|Publication number||US4496406 A|
|Application number||US 06/512,182|
|Publication date||Jan 29, 1985|
|Filing date||Jul 11, 1983|
|Priority date||Sep 30, 1982|
|Publication number||06512182, 512182, US 4496406 A, US 4496406A, US-A-4496406, US4496406 A, US4496406A|
|Inventors||Karen A. Dedow|
|Original Assignee||General Dynamics, Pomona Division|
|Export Citation||BiBTeX, EndNote, RefMan|
|Patent Citations (18), Referenced by (72), Classifications (16), Legal Events (6)|
|External Links: USPTO, USPTO Assignment, Espacenet|
This is a division of application Ser. No. 429,872, filed Sept. 30, 1982 and now U.S. Pat. No. 4,471,872.
1. Field of the Invention
This invention relates to pouch containers and, more particularly, to pouch containers for protecting during transport electronic components which are sensitive to electrostatic influences.
2. Description of the Prior Art
Containers for transporting electrostatic-sensitive electronic components have severe design constraints imposed thereon. In particular, various electronic components such as metal oxide semiconductors (MOS), thick and thin film deposited products and other similar devices are highly sensitive to accumulations and discharging of electric charge, an excess accumulation of which may severely damage the device. Precautions typically taken to minimize static electric discharges through the devices during shipment include the use of shorting bars to ground the leads of the device. Also, some devices or components are manufactured with built-in zener diodes to provide protection from low-energy sources.
Although the foregoing techniques are normally adequate to protect the transported components from harmful electrostatic influences, it is sometimes necessary to provide yet additional protection. Such additional protection frequently takes the form of a shipping enclosure commonly referred to as a Faraday cage. A Faraday cage may be defined as a system of conductors forming an essentially continuous conducting mesh or network about the object protected and may include conductors necessary for interconnection between the object protected and an adequate ground. A typical prior art Faraday cage-type shipping enclosure has taken the form of an injection molded plastic container formed around a wire mesh screen in which the wire mesh screen forms an equipotential surface protecting the enclosed device from external electrostatic influences. In addition, the conductors forming the equipotential surface serve to dissipate any accumulation of electric charge built up on the enclosed devices by providing a conductive path between the devices and a source of ground potential.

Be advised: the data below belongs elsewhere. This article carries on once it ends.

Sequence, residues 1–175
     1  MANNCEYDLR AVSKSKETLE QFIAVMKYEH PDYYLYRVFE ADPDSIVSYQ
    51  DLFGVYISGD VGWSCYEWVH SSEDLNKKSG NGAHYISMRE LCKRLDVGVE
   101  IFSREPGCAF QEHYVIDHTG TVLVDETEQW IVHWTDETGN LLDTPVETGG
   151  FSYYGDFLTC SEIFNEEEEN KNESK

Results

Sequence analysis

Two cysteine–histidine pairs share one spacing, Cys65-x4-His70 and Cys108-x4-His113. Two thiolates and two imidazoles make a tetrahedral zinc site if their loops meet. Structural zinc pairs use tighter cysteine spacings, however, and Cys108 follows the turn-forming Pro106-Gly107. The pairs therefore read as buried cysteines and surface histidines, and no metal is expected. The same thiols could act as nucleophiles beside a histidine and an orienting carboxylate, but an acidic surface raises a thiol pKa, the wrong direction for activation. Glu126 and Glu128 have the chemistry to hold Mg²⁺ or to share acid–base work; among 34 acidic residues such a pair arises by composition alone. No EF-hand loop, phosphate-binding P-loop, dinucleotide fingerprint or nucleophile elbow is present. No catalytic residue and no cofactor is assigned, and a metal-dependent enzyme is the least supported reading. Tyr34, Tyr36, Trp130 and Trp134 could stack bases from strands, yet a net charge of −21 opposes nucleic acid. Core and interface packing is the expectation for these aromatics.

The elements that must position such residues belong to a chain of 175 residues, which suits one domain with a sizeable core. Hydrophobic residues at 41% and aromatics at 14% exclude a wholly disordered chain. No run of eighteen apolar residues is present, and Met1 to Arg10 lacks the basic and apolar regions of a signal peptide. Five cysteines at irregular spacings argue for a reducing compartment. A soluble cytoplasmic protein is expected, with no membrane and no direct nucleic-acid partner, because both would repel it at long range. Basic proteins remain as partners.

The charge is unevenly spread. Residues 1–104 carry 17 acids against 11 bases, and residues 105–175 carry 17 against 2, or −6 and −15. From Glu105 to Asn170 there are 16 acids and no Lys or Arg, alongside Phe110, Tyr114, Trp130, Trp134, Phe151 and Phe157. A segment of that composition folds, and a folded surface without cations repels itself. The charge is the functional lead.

The shipping container disclosed in U.S. Pat. No. 4,241,829 of Hardy provides a Faraday cage-type enclosure designed to protect the enclosed components from damage resulting from physically disturbing or stressing the container. The container comprises a box-like structure having a bottom, a pair of opposed side walls, a pair of opposed end walls and a top movable between an open and a closed position. A conductive coating is formed overlying substantially the entire interior and exterior surfaces of the box-like structure and includes a portion extending continuously therebetween. A linear of convoluted foam impregnated with a conductive material is secured to the interior surfaces of the top and bottom of the container, the impregnated conductive material forming a continuous conductive path with the conductive coating. The container then forms a Faraday cage-type enclosure providing increased protection from electrostatic influences by establishing a conductive shield of extremely high integrity, the convoluted foam liners promoting intimate contact between the conductive shield and the protected components.